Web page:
Frequently Asked Questions Page

When I talk to people, I often get the same responses. Some confusing points are that the decade of the 1970s was a Kondratiev winter, the causes of the difference in timings between depressions, and that there are two different kinds of depressions.

Length of the Long Wave

In the early 1900s, Kondratiev thought that the cycle was 50 years or so. This was because that was the average timing up till then. But in the 20th century, it became 40 years: 1890 to 1929 to 1973 to 2008.

The underlying cause of the productivity growth cycle is the 80 year change of physics paradigms. But how quickly industry develops has a lot to do with how quickly a physics paradigm becomes popular. In Franklin’s case, his paradigm became popular very quickly. In Faraday’s case, his paradigm was basically unknown outside of Britain until 1860 through Maxwell’s publications. In Britain, it was also little understood for a long time.

So that caused the longer productivity growth trend (100 years instead of 80) in the 19th century.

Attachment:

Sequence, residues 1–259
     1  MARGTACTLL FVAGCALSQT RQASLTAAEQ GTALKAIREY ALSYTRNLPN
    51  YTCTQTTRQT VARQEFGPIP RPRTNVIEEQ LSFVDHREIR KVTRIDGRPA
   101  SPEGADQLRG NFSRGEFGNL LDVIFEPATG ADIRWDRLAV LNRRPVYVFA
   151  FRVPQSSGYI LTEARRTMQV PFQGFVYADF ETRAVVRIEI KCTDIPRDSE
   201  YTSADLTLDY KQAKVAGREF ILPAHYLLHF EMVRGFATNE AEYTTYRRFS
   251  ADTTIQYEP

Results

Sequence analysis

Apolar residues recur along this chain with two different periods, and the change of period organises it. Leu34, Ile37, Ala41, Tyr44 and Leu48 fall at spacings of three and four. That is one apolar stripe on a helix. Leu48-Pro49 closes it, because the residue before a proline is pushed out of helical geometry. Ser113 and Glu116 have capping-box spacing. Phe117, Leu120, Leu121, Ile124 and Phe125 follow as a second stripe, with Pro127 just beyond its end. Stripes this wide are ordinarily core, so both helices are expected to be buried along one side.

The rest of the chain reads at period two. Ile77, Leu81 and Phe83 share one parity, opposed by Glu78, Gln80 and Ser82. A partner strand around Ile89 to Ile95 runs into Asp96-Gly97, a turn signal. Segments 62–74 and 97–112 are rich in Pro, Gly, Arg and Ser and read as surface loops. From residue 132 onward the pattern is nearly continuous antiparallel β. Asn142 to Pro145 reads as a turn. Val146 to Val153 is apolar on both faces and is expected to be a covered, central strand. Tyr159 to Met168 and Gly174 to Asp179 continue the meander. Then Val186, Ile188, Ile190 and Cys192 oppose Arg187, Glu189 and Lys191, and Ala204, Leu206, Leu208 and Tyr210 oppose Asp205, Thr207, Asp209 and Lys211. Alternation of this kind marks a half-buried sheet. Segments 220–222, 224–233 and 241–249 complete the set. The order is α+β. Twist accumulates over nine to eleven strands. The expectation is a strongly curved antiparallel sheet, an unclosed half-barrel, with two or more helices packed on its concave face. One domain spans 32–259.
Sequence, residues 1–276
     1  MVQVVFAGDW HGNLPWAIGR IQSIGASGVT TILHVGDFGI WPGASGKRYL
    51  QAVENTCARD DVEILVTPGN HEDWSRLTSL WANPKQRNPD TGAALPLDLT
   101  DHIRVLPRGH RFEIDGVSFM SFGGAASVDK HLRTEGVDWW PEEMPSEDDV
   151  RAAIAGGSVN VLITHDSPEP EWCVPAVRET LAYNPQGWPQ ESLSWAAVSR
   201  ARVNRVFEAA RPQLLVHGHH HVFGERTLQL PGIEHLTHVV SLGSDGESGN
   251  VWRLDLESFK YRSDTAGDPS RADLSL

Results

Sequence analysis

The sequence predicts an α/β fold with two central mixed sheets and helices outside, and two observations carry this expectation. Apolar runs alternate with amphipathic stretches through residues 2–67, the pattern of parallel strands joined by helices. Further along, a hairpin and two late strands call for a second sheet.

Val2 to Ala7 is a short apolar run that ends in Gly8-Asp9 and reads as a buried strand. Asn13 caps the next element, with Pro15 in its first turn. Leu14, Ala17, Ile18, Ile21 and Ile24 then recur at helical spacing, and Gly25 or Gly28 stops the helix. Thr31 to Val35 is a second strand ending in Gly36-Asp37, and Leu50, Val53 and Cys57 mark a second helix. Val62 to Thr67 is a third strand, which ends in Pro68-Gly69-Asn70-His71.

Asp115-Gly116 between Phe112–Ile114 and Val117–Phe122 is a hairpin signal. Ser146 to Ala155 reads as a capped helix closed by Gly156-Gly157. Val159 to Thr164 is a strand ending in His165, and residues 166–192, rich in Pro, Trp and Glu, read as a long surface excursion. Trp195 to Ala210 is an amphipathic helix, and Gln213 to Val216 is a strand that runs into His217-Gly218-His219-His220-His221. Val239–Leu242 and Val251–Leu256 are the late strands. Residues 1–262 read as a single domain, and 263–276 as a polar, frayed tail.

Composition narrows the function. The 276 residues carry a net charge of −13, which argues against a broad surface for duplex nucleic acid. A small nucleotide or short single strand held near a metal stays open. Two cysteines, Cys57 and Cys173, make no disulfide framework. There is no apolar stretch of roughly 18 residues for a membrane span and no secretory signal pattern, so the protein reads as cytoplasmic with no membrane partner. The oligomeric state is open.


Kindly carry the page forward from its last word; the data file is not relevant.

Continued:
Industrial revolutions follow about 60 years after a scientific revolution. This is why industrial revolutions and scientific revolutions seem to happen about the same time. Schumpeter was right about this, but it doesn’t explain the middle depression periods when productivity growth is jumping up to a peak.

During the 1830s and 1930s, there was no major industrial revolution. Basically everything that was being made was already invented before. Planes became better in the 1930s, and trains started to be widely built in the 1840s or so, but these inventions were made before.

The 1970s and Early 1980s Kondratieff Slump

The thing that probably most people would not believe is that the decade of the 1970s was a Kondratieff Winter.

The Paradigm Development Process and Two Types of Economic Depressions

So a cycle goes like this: scientific revolution, 60 years later an industrial revolution begins, and then a depression happens about 70 years after the scientific revolution.

1st depression is a Kondratief winter.
2nd depression begins about 30 years after the 1st depression ends.
This is a second and very different kind of depression than the first (what happens industrially and financially is very different)

Then about 40 years later, the 1st kind of depression begins again.

So each productivity growth cycle has two Kondratieff Winters. Or another way to say this is each industrial revolution produces two Kondratieff Winters. The two winters are both deep recessions or depressions, but they are very different kinds of depressions.







Leave a Reply

Your email address will not be published. Required fields are marked *


You may use these HTML tags and attributes: <a href="" title=""> <abbr title=""> <acronym title=""> <b> <blockquote cite=""> <cite> <code> <del datetime=""> <em> <i> <q cite=""> <strike> <strong>